Pizzas Across The Border For Controllers

Pizzas Across The Border For Controllers

Pizzas Across The Border For Controllers

"There's a bond there, automatically", he said in a phone interview.

The air traffic controller was placing an order for pies to be sent to colleagues working at Anchorage's Ted Stevens global airport, a cheesy show of support for the American air traffic controllers are contending with a government partial shutdown.

Doug Church, deputy director of public affairs for the National Air Traffic Controllers Association (NATCA) in the USA told CBC there are 14,000 controllers now working without pay.

"It's just a really good shot in the arm of positive energy and positive emotion to know that, 'Hey they've got our back, '" Church told CBC.

It all began with controllers in Edmonton sending pizzas across the border to colleagues in Alaska, and the idea has gained traction ever since with over 35 different air traffic control units in the USA reportedly receiving the cheesy but delicious gifts from their Canadian colleagues.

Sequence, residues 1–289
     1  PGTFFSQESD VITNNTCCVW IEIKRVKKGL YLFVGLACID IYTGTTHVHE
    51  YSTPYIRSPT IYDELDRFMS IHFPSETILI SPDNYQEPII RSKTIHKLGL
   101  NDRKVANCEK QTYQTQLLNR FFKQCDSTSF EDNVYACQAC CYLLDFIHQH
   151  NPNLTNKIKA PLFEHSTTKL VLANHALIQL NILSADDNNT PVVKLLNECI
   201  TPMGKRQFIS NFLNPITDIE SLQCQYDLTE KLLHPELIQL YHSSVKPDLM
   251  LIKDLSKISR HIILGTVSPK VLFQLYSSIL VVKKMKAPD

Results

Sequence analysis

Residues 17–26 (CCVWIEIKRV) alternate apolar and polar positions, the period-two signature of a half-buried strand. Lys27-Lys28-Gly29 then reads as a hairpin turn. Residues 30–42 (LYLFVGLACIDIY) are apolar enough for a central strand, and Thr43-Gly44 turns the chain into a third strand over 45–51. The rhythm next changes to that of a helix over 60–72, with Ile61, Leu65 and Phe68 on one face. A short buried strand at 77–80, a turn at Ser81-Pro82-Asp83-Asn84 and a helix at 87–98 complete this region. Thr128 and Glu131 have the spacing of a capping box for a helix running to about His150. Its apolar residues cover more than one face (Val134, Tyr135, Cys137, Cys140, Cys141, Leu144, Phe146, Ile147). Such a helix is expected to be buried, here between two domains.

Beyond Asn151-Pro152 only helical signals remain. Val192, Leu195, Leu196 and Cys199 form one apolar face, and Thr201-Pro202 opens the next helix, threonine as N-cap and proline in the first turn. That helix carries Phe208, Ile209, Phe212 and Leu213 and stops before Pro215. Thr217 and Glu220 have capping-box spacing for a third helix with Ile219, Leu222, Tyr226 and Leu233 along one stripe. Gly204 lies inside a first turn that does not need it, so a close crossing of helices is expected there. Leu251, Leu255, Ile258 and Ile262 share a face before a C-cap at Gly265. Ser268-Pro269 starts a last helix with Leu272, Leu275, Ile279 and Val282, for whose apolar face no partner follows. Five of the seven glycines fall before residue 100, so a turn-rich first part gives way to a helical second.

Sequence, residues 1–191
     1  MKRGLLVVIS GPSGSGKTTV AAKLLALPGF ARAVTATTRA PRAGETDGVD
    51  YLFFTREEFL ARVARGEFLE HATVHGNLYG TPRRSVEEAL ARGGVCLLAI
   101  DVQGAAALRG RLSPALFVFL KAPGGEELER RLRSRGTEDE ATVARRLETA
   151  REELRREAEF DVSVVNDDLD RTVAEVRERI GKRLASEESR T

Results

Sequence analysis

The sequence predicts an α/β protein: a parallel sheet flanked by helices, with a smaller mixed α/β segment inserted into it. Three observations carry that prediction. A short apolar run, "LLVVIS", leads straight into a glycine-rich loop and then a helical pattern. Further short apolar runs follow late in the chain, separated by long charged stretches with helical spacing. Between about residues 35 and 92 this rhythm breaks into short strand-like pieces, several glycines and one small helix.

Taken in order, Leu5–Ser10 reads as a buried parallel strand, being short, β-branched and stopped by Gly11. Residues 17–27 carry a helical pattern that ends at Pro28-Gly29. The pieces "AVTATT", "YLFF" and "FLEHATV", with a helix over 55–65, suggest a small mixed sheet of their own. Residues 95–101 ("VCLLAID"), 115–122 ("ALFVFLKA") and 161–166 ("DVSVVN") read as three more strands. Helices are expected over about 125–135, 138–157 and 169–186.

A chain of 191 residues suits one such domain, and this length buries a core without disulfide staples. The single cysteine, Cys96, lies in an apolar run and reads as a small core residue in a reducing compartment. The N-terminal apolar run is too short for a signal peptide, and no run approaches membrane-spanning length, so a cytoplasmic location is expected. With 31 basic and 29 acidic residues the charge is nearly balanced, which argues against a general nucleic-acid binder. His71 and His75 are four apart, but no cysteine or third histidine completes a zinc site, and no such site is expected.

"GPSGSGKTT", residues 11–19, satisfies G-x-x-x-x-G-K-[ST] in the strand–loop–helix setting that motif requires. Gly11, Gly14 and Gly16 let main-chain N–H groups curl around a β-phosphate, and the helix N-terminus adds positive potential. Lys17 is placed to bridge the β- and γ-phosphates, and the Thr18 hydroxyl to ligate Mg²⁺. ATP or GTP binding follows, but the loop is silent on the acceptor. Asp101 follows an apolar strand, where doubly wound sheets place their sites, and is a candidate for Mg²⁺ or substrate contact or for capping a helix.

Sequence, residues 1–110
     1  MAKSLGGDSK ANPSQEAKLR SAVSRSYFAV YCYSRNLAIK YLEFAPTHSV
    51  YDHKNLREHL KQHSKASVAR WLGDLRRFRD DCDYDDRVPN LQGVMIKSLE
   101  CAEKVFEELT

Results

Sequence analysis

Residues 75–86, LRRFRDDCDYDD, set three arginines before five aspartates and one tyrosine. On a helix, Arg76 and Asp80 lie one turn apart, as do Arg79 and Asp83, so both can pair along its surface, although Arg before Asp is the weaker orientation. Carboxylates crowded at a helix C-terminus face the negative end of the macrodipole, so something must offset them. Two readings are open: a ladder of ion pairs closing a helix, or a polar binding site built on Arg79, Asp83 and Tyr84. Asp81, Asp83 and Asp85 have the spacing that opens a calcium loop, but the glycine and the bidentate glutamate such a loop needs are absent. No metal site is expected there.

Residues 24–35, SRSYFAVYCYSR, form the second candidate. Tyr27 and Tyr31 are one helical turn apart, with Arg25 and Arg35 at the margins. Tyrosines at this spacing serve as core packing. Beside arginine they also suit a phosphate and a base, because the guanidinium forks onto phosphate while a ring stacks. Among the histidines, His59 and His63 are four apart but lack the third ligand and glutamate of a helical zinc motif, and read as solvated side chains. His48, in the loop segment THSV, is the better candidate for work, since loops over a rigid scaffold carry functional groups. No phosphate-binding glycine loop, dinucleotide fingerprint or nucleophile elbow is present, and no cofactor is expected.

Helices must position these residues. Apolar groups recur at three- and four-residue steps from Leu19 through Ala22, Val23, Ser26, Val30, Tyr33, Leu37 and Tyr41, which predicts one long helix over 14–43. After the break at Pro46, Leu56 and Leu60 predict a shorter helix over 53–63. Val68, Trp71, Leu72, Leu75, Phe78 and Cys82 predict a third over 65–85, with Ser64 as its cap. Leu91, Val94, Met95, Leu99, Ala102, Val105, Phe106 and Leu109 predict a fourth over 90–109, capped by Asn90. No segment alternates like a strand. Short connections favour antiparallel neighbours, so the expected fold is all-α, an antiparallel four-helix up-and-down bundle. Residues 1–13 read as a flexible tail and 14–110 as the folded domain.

Ron Singer, media relations manager for Nav Canada, the corporation that employs Canadian controllers, said all seven of Canada's control centers and numerous country's 40 airport control towers have sent pizza to their American colleagues.

He said Canadians would continue to support their American counterparts and join their calls for the shutdown to end as soon as possible.

Some 10,000 air traffic controllers in the USA have been working without pay due to the partial government shutdown, which began on December 22. "I couldn't be more proud of what my members are doing", said Peter Duffey, president of the Canadian Air Traffic Control Association (CATCA).

In fact, on Friday, NATCA announced it is suing the federal government for its members working without pay thanks to Trump's shutdown over funding for his border wall. They say you have to be 100% right, 100% of the time.

Ron Singer, the national media manager for Nav Canada, which manages the country's civil air navigation, said Canadian and American air traffic controllers interact "on a daily basis" as they manage North American airspace. Some, like air traffic controllers, already face extreme stress at work, but help is on hand.

"They were doing the job the same as they did every day of the year, 24 hours a day and somebody should actually notice what they were doing".

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